(Tel Aviv) – Tens of thousands of Israeli protesters marched Saturday in Tel Aviv and near the parliament in Jerusalem to raise their opposition to a controversial judicial reform that will be the subject of a crucial vote in the coming days.
This reform, implemented by Benjamin Netanyahu’s government, is deeply dividing Israel, which has been rocked since January by one of the longest-running protest movements in its history.
Democracy or revolution! Protesters chanted in Tel Aviv on Saturday, while tens of thousands chanted pro-democracy slogans for the 29th day.H Consecutive evening of mobilization, according to an AFP correspondent on the spot.
On Saturday, demonstrations were witnessed in Beersheba (south), Herzliya, and Kfar Saba, north of Tel Aviv, according to photos distributed by the organizers.
“The government is not listening to us. This means it is the beginning of a new era, a bad era,” Edit Dekel, 55, told AFP.
According to the government, the reform aims, among other things, to rebalance the powers, by reducing the powers of the Supreme Court, which the executive branch considers politicized, in favor of Parliament. But its critics believe it risks opening the way to an anti-liberal or authoritarian drift.
“For me, it’s disastrous,” summed up Dekel, a protester who works in the high-tech sector.
As of Sunday noon in the Knesset (parliament), discussions will be held on a reform measure aimed at eliminating the possibility that Israeli justice will rule on the “reasonableness” of government decisions.
This item will then be voted on by 2H and 3H reading. If passed, it would be the first major component of the proposed judicial reform to become law.
Sit in front of the Knesset
To put pressure on the deputies, thousands of demonstrators gathered on Saturday evening outside the Knesset and the Supreme Court in Jerusalem, after they traveled the nearly 65 kilometers between Tel Aviv and the Holy City.
Armed with umbrellas to protect from the scorching sun, water bottles and Israeli flags, the demonstrators marched along the stretch of highway, stopping at noon and at night.
At the end of the day, hundreds of demonstrators set up makeshift tents near the Knesset and promised to spend the night there.
“This government is an extremist and religious government and we hope to bring it down as soon as possible,” explains Guy Medan, who participated in this multi-day march with his family.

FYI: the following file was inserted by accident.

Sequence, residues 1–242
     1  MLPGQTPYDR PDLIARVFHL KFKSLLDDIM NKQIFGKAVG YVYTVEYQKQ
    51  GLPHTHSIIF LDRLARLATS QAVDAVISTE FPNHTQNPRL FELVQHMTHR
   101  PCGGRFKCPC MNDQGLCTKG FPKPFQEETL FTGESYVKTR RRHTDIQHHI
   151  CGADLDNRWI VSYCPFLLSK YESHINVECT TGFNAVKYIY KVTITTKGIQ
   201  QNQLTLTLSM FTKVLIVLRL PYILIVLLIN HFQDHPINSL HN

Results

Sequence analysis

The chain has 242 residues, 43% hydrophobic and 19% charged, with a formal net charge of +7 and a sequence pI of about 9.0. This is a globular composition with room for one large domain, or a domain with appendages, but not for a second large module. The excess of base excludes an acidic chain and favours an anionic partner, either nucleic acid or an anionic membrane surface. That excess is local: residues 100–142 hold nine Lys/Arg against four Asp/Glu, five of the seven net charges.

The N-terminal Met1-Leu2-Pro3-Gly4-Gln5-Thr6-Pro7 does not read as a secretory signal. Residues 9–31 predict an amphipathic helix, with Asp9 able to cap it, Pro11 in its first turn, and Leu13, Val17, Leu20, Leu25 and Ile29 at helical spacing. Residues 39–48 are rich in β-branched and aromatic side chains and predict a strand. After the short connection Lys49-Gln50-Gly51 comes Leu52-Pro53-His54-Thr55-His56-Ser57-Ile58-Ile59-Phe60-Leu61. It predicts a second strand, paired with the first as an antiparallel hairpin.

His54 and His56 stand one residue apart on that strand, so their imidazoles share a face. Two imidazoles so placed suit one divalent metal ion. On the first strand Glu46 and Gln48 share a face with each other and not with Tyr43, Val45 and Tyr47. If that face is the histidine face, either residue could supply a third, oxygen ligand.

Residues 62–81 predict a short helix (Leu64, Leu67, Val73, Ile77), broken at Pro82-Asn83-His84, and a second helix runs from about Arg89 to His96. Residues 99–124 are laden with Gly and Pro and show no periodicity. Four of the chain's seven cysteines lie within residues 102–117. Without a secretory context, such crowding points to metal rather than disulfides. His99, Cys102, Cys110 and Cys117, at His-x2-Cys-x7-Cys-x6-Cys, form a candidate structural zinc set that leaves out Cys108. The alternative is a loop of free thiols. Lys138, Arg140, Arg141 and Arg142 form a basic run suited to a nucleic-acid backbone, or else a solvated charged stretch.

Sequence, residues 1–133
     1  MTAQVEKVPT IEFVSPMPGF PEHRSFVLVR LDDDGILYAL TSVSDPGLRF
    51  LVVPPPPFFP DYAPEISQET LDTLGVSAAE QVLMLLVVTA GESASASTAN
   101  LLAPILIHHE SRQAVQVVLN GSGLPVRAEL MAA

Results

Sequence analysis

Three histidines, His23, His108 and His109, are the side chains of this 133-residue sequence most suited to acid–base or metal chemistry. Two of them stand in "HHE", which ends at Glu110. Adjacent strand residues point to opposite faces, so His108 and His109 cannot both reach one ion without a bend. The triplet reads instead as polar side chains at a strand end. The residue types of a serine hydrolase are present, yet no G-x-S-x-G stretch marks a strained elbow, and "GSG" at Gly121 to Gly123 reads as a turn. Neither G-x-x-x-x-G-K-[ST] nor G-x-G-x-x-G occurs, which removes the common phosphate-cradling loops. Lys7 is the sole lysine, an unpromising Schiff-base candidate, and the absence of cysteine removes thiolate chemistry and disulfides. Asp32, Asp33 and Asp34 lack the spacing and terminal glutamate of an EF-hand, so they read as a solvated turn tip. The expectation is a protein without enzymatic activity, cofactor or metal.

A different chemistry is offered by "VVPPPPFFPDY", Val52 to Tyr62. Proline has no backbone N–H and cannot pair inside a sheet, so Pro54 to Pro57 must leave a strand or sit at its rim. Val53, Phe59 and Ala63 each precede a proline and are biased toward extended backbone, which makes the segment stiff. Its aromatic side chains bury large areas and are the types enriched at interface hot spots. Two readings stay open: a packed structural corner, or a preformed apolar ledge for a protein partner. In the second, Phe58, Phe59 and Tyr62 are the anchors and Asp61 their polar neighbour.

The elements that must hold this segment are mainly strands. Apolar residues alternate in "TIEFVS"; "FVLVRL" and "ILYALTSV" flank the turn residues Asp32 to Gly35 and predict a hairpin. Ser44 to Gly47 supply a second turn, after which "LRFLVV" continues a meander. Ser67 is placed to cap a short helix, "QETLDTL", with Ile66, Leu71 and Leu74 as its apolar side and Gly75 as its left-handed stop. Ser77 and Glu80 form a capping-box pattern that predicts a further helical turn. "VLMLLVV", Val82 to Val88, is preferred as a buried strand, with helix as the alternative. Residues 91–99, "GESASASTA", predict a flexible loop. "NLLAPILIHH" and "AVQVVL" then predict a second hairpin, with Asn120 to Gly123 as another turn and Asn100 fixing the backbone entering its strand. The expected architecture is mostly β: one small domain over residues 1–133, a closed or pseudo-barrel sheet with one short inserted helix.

“Many of us will camp here until the vote is cancelled,” he said.
The government “is trying to overthrow the whole democracy, basic laws and human rights, and we are here to stop it,” says Keren Moore, one of the protesters.
The “reasonableness” clause was approved at first reading on the night of July 10-11, and in January Netanyahu was forced to dismiss the second-in-command in the government, Aryeh Deri, convicted of tax evasion, after the High Court intervened.
Other measures displeased the demonstrators, such as amending the procedures for appointing judges, which were adopted by the deputies in the first reading.
Critics of the prime minister, who is on trial for corruption, accuse him of wanting to use this reform to mitigate a possible sentence against him.
“We will not allow a corrupt, extremist and corrupt government to destroy the State of Israel,” Merav Michaeli, one of the opposition leaders, said on Twitter. “We will win.”
Threats from reservists
At least 1,142 Israeli Air Force reservists threatened Saturday to suspend their volunteer service if the law is approved by the Knesset.
They said in a statement that any legislation applied in an “unconscionable” manner would weaken my willingness to continue to risk my life and force me with great sadness to suspend voluntary reserve service.”
And on Thursday evening, Mr. Netanyahu emphasized remaining “open” to negotiations with the opposition, while the project also drew criticism abroad, particularly in the United States, Israel’s close allies.
US President Joe Biden on Wednesday urged the Israeli government not to “rush” its reforms and proceed with caution, in an unusually direct criticism of Israeli domestic policy.
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